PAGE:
California Occupational Guides

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Detailed Guide for

   Heating, Air Conditioning, and Refrigeration Mechanics and Installers in San Diego County

May also be called: Furnace Converters; Gas Furnace Installers; Heating and Air Conditioning Technicians and Installers; Heating, Ventilation, and Air Conditioning (HVAC) Technicians; Heating, Ventilation, Air Conditioning, and Refrigeration (HVACR) Technicians; Refrigeration Mechanics and Installers; Retrofitting Specialists

What Would I Do?

Heating, Air Conditioning, and Refrigeration Mechanics and Installers,* more commonly known as "HVACR Technicians," maintain and repair heating, cooling, and refrigeration equipment in residential, commercial, and industrial buildings. The heating, ventilation, air-conditioning, and refrigeration systems that they work on are sometimes referred to as HVACR systems.

Technicians work from blueprints, design specifications, and manufacturer instructions to install compressors, motors, condensers, thermostats, fans, ducts, pipes, and other technical, electrical, and electronic components. They use a variety of hand tools to connect parts to duct work, gas and refrigerant lines, and other piping. After attaching temperature and pressure-control testing devices, the Technicians charge the system with refrigerant, and then test it for proper operation, making any necessary final adjustments.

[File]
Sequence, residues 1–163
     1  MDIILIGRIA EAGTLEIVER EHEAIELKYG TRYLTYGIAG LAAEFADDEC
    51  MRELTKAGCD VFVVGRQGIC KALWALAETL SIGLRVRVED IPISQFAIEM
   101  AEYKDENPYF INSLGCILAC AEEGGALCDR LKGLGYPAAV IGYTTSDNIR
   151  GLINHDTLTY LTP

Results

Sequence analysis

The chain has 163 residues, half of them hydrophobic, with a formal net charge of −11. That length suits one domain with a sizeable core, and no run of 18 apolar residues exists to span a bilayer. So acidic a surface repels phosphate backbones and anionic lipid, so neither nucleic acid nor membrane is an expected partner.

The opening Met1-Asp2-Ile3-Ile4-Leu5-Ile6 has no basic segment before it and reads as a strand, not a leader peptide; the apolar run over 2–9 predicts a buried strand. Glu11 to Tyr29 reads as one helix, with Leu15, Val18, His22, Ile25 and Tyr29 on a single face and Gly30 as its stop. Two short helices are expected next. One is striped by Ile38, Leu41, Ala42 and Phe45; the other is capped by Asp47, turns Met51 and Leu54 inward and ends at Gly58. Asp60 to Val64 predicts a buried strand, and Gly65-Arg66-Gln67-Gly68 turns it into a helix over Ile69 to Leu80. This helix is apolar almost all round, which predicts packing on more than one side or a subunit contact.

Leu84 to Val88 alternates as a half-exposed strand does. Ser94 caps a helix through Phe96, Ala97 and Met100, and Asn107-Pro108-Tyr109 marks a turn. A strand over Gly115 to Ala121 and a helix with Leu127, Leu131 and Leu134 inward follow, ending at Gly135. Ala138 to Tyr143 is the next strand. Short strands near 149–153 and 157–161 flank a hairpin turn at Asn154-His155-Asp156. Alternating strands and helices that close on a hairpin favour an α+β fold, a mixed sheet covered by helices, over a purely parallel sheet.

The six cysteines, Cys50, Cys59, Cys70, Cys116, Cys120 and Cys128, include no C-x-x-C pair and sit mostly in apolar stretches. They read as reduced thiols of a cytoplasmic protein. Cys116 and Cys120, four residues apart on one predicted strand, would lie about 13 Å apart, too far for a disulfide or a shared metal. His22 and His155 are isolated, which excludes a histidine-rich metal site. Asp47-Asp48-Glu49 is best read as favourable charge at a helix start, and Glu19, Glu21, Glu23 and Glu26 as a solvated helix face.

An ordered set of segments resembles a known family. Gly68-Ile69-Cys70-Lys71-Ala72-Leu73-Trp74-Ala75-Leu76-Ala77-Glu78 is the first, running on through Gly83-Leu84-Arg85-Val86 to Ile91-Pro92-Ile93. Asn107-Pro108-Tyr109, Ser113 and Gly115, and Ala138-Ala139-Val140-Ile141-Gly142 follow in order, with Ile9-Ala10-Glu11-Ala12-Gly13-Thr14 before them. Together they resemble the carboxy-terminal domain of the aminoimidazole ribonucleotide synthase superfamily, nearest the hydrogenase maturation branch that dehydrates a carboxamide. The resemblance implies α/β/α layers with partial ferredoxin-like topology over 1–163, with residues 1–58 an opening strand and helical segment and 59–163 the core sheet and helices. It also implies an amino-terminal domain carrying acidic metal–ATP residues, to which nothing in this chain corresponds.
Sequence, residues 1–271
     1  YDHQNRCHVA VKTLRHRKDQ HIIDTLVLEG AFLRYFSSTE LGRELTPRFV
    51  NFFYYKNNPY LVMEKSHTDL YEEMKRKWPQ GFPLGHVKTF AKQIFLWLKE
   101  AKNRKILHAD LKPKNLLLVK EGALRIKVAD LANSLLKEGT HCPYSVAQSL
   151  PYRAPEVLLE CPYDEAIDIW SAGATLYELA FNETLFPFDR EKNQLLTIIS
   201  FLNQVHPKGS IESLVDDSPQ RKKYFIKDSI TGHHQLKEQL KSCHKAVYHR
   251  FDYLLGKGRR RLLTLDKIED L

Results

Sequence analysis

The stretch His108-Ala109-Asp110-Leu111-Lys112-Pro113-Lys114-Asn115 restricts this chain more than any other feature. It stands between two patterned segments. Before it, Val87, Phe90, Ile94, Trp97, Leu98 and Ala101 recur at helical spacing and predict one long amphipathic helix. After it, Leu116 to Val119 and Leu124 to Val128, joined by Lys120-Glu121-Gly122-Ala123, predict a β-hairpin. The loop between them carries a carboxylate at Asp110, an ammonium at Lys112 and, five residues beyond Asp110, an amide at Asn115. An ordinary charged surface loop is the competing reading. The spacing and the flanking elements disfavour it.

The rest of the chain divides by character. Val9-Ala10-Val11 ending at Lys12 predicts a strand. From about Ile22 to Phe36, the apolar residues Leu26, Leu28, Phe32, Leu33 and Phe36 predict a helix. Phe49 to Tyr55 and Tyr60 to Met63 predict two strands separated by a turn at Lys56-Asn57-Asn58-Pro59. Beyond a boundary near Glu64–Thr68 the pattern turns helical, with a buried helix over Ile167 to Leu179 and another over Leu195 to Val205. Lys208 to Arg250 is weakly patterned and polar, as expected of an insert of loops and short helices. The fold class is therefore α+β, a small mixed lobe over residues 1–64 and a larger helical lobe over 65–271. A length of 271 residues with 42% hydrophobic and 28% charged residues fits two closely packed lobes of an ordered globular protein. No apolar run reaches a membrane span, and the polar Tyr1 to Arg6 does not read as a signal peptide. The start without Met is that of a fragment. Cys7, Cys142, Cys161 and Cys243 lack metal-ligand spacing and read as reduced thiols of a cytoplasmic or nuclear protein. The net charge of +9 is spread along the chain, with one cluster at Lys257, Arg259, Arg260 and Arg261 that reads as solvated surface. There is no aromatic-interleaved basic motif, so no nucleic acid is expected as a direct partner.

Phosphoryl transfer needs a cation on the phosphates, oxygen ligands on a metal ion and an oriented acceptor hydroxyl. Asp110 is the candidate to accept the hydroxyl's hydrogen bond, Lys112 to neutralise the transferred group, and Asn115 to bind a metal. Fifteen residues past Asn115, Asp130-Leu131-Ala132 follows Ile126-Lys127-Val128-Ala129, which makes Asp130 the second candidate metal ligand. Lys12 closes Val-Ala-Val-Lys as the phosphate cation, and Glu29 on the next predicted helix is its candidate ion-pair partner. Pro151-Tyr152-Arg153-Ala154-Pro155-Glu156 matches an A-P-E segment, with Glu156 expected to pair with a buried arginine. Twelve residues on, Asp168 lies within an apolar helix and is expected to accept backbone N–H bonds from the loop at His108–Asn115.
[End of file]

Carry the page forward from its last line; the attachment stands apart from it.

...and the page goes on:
These Technicians often specialize in areas such as installation or maintenance and repair, although some may be trained to do both. However, Technicians who are new to the job will most likely begin with equipment installation. Additional education is required of those who perform maintenance and repair duties. They may further specialize in one area, such as heating, air-conditioning, or refrigeration work. Some specialize in one type of equipment, for example, geothermal systems, hydronics (water-based heating systems), solar panels, or commercial refrigeration. Other Technicians may work on retrofits, replacing and installing new equipment or systems that are energy efficient.

A complex task known as "troubleshooting" requires that Technicians examine and, if necessary, take apart a unit when a breakdown occurs. After the source of the problem is identified and the necessary repairs are made, the unit is reassembled and tested.

Technicians usually work independently but, depending on the job, may work with electricians or sheet metal workers. On large projects, electrical work may be done by electricians, pipe and other component installation by plumbers and pipefitters, and duct work by sheet metal workers.